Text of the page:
A police officer punched in a brutal attack has spoken out after the man behind the assault was freed after serving just a quarter of his 10-month sentence.

On December 27 last year, PC Diane Irving suffered severe facial bruising while on patrol in Botchergate, Carlisle, and was barely recognisable to colleagues.

The thug behind the attack, Kieron Murray, committed the offence when PC Irving went to help after finding him collapsed in the street.

The 24-year-old responded by punching the officer hard in the face, knocking her to the ground.

Last week, the News & Star exclusively revealed that Murray, of Esk Road, Lowry Hill in Carlisle, was released from prison on Thursday, November 22, just weeks after being jailed at Carlisle Crown Court on Friday, September 7.

The court also heard how Murray taunted the officers who arrested him with references to Dale Cregan, who murdered two female Greater Manchester police officers in September 2012.

His release conditions include a curfew between the hours of 3pm and 7am at his family’s home in Lowry Hill.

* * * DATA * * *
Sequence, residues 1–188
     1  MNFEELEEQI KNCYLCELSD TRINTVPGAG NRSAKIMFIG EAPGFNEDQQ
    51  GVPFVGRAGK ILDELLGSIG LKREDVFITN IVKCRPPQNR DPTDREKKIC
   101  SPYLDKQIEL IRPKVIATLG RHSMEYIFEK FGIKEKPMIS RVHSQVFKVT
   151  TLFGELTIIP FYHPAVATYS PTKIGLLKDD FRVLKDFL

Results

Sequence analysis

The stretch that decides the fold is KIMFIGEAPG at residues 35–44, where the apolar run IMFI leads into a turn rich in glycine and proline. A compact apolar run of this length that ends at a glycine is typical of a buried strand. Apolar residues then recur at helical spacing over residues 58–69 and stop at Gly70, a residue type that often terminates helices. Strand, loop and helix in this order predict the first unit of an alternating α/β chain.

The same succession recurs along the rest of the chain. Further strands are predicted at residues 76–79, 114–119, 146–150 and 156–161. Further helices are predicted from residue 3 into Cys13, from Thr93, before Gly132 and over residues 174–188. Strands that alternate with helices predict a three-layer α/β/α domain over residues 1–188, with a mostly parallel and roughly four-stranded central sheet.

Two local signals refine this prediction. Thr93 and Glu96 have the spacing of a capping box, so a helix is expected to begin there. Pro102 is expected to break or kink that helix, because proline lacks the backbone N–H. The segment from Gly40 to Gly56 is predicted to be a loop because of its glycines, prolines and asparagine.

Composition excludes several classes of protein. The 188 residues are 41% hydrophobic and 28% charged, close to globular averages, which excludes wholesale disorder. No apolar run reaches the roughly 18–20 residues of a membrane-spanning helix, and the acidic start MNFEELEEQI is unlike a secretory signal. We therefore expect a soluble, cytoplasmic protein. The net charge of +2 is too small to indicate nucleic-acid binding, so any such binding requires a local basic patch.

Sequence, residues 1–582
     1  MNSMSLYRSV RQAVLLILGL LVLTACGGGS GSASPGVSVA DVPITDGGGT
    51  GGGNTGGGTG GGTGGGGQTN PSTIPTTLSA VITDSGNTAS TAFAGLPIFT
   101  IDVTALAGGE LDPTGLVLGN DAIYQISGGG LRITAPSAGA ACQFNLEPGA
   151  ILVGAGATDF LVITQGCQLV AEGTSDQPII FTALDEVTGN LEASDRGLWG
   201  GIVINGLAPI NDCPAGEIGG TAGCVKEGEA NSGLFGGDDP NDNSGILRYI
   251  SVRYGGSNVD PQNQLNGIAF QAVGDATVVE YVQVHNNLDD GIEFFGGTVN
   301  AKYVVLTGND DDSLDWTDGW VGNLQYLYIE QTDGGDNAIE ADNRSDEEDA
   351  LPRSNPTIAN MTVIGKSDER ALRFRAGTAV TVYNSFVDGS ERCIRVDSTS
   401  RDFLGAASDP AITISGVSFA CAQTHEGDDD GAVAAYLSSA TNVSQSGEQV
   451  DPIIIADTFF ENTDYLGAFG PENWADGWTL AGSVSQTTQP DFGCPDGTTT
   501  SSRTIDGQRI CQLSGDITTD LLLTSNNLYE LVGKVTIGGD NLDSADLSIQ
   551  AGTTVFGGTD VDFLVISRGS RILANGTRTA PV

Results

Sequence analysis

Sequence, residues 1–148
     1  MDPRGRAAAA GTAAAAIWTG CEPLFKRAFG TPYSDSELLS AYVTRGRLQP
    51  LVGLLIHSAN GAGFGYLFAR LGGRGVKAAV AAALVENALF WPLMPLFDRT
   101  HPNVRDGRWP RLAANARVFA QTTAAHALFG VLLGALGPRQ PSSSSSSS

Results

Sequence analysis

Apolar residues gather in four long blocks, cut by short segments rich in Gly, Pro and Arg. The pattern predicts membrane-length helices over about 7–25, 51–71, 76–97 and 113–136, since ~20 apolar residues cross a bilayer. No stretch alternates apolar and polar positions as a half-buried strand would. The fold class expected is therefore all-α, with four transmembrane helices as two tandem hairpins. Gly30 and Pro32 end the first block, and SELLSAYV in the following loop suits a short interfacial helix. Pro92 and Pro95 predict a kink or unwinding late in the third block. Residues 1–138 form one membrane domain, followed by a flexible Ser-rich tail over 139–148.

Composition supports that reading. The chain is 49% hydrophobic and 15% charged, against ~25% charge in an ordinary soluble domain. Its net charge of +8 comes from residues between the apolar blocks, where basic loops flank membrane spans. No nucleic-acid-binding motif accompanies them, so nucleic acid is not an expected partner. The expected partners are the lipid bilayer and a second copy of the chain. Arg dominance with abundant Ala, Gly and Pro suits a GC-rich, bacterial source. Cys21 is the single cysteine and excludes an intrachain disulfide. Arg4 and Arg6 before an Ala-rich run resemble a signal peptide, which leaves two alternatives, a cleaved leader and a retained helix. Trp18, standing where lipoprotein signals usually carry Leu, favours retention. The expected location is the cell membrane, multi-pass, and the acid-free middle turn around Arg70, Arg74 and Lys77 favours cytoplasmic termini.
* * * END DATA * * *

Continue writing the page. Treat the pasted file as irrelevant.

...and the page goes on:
Following the news, PC Irving expressed her anger and disappointment at the decision, adding that it ‘makes a mockery out of the sentencing’.

In a statement, she said: “At the time of the sentencing a lot of people said it was too lenient and he should have been given longer for what he did.

“I was happy as all I wanted was for him to be in prison at Christmas so he could think about what he had done last Christmas and how he had ended up where he was.

“Now this won’t happen so I am very angry, frustrated and disappointed.

“The sentences for assaults on emergency workers has recently been increased but this, I feel, makes a mockery out of the sentencing and it shows no deterrent to others.”

Reacting to the news, Martin Plummer, chairman of Cumbria Police Federation said: “The recent release of this individual having only served 76 days of a 10-month prison sentence is nothing short of an insult to every officer in Cumbria Constabulary and the Police Service of England and Wales who work tirelessly 24/7 to protect the public.

“Those individuals that have no respect for themselves or the Police and the work they do must be given a punishment that fits the crime.

“The 10-month prison sentence seemed lenient but 76 days served of that sentence then released to the comfort of his home is an utter disgrace.

“It sends a clear message from the judicial system that they clearly do not support or respect the work of the emergency services.”

nMurray admitted assault causing actual bodily harm.